Part I. Theory: 1. Introduction to data refinement; 2. Simulation as a proof method for data refinement; 3. Relations and recursion; 4. Properties of simulation; 5. Notation and semantics; 6. A Hoare logic; 7. Simulation and Hoare logic; 8. An extension to total correctness; 9. Simulation and total correctness; 10. Refinement calculus; Part II. Applications: 11. Reynolds' method; 12. VDM; 13. Z, Hehner's method and Back's refinement calculus; 14. Refinement methods due to Abadi & Lamport and Lynch. Appendix A. An introduction to Hoare logic; Appendix B. A primer on ordinals and transfinite induction; Appendix C. Notational convention; Appendix D. Precedences; Bibliography; Index.
Data Refinement: Model-Oriented Proof Methods and Their Comparisonby Willem-Paul de Roever, W. -P De Roever, Kai Englehardt
Pub. Date: 12/28/2007
Publisher: Cambridge University Press
The goal of this book is to provide a comprehensive and systematic introduction to the important and highly applicable method of data refinement and the simulation methods used for proving its correctness. The authors concentrate in the first part on the general principles needed to prove data refinement correct. They begin with an explanation of the fundamental
The goal of this book is to provide a comprehensive and systematic introduction to the important and highly applicable method of data refinement and the simulation methods used for proving its correctness. The authors concentrate in the first part on the general principles needed to prove data refinement correct. They begin with an explanation of the fundamental notions, showing that data refinement proofs reduce to proving simulation. The topics of Hoare Logic and the Refinement Calculus are introduced and a general theory of simulations is developed and related to them. Accessibility and comprehension are emphasized in order to guide newcomers to the area. The book's second part contains a detailed survey of important methods in this field, such as VDM, and the methods due to Abadi & Lamport, Hehner, Lynch and Reynolds, Back's refinement calculus and Z. All these methods are carefully analysed, and shown to be either imcomplete, with counterexamples to their application, or to be always applicable whenever data refinement holds. This is shown by proving, for the first time, that all these methods can be described and analyzed in terms of two simple notions: forward and backward simulation. The book is self-contained, going from advanced undergraduate level and taking the reader to the state of the art in methods for proving simulation.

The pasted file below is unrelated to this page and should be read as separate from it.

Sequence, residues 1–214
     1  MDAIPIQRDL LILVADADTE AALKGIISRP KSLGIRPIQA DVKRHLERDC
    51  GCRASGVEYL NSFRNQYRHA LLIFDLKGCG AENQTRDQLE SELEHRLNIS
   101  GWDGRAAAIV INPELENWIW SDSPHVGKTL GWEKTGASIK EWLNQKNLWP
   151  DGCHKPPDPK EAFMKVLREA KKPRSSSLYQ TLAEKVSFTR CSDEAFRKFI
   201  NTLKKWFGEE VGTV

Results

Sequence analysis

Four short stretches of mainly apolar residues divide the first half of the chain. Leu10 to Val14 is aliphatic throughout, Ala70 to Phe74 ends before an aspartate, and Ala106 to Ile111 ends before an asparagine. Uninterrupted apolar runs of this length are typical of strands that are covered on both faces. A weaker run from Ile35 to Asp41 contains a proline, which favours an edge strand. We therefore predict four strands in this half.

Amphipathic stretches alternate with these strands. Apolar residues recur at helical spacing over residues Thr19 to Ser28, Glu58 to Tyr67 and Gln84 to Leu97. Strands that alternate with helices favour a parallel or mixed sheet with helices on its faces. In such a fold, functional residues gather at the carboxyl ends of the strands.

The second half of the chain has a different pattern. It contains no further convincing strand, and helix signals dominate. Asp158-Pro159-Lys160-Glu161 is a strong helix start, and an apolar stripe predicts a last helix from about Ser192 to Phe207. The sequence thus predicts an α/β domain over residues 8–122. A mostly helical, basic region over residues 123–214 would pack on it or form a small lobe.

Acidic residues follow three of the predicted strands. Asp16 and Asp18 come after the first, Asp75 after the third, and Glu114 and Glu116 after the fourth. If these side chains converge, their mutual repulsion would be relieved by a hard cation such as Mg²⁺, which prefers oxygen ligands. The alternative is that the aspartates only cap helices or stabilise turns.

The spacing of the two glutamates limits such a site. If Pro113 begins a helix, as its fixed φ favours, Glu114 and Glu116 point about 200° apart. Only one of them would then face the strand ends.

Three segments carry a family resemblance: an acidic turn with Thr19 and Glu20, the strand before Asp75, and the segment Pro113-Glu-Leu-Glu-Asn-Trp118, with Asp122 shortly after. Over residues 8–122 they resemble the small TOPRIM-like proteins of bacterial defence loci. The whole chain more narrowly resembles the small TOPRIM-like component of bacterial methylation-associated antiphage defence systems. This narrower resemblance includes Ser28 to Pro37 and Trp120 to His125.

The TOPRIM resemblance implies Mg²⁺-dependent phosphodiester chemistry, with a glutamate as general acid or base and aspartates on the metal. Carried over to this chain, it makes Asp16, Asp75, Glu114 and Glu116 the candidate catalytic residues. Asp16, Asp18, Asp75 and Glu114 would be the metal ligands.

- Cambridge University Press
- Publication date:
- Cambridge Tracts in Theoretical Computer Science Series
- Product dimensions:
- 6.85(w) x 9.72(h) x 1.14(d)
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